Kiki credits RuPaul’s Drag Race, the award-winning American competition series, for helping drag become more mainstream and respected. “I think the show has helped to show the person behind it. It makes it a little more accessible to people, they’re not as scared when they see that there’s actually a real person behind it.” RuPaul’s impact has helped to create an environment where drag can be celebrated and expressed, and this acceptance has allowed Club GASS at the Róisín Dubh to thrive. Starting off as a club night that centred mostly around house and electro music, over time the event began to focus more so on drag. “Over time we slowly built up a show and we had loads of guests down from Dublin, Cork and Limerick,” Kiki enthuses, “Eventually it became more focussed on drag and people started coming just to see the drag performances and it built from there. It’s worked out so well and it’s great to see. We’re very lucky.”
Kiki Saint Clair lights up a room with her vivacious personality, and her aesthetic is incredibly unique. “I take influence from everywhere. My drag is very eclectic and flowy, it doesn’t have a particular style to it. Lately I’ve been obsessed with 1950s styles but that could change next week and I’ll be going around like an alien! I just love to change it up and I take inspiration from all queens.” Kiki revealed that a total drag transformation would take roughly two and a half hours, if that much time is available, to do make up, hair and get dressed. As someone who takes about three days to get ready for a night out, I’m still in shock.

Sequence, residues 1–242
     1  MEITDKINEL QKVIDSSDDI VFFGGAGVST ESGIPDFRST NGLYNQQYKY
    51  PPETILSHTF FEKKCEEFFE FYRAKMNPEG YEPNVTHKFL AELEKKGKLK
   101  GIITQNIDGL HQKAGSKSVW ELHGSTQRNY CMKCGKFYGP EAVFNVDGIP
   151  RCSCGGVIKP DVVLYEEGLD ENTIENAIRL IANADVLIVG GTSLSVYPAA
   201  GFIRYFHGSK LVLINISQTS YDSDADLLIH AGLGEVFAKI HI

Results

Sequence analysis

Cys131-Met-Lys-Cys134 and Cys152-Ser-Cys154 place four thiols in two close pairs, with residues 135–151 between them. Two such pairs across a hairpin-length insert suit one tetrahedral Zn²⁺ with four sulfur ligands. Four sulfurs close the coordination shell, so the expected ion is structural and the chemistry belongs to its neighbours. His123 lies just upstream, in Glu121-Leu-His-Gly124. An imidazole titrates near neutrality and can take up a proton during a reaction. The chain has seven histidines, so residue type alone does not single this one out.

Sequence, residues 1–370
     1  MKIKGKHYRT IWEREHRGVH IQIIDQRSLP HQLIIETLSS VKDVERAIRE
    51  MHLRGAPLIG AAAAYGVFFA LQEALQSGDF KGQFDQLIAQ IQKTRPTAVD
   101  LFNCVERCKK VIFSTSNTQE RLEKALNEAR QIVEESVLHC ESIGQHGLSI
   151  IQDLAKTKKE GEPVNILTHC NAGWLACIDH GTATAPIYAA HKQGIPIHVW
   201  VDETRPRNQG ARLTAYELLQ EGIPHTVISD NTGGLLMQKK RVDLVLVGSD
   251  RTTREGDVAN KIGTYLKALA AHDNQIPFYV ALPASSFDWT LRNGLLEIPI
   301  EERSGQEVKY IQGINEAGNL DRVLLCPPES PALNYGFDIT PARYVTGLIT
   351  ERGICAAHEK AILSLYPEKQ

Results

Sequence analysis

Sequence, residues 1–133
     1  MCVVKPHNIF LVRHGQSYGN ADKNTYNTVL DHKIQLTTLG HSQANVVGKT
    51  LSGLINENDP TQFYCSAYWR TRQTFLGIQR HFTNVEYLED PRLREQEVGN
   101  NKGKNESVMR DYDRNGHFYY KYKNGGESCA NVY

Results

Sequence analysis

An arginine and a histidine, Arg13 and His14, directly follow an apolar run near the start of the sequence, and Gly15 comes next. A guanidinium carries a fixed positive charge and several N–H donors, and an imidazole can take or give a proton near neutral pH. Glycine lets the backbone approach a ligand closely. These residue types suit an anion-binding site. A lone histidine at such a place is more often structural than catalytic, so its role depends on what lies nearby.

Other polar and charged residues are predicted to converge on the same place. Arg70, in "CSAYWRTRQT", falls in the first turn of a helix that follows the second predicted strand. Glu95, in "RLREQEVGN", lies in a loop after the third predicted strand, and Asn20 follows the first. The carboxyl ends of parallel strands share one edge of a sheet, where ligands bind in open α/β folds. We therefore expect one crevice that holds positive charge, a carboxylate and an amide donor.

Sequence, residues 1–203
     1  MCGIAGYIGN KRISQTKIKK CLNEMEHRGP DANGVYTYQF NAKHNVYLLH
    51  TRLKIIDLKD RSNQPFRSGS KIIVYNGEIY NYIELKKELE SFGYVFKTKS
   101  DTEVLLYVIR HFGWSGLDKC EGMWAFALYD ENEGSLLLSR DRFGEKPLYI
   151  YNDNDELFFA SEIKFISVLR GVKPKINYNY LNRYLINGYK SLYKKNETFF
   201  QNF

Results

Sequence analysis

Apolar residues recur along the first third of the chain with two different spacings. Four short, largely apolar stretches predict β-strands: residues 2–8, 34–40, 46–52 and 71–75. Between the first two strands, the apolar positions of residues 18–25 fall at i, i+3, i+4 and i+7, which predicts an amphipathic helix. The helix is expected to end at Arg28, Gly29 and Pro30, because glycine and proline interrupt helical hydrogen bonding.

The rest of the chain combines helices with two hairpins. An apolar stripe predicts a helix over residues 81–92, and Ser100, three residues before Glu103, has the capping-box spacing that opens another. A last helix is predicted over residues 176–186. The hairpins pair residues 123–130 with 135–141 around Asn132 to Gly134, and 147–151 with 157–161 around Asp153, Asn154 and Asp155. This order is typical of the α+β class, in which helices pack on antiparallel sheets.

Having been one of the first drag queens to add colour to the city, Kiki has paved the way for up and coming queens. “ We have built a little family for ourselves, there must be close to ten drag queens here in Galway. We have such a limited scene that if they want to do drag and we all know each other and work together. We’ve got good family vibes in Galway.”
As well as being a maternal figure, humour is another hugely important part of Kiki’s charm. “I like to make fun of myself before I would make fun of anyone else. I’m not one of those queens that’s going to shame you or embarrass you when you walk into the bar, I’m more about making fun of myself first. My theory is that if you can’t laugh at yourself, how can you laugh at somebody else?” If you’re wondering where Kiki and Simon differ, rest assured there is no Jekyll and Hyde situation going on. “I would say that Kiki is just more exaggerated and I would definitely say that I couldn’t get away with half the stuff as Simon!”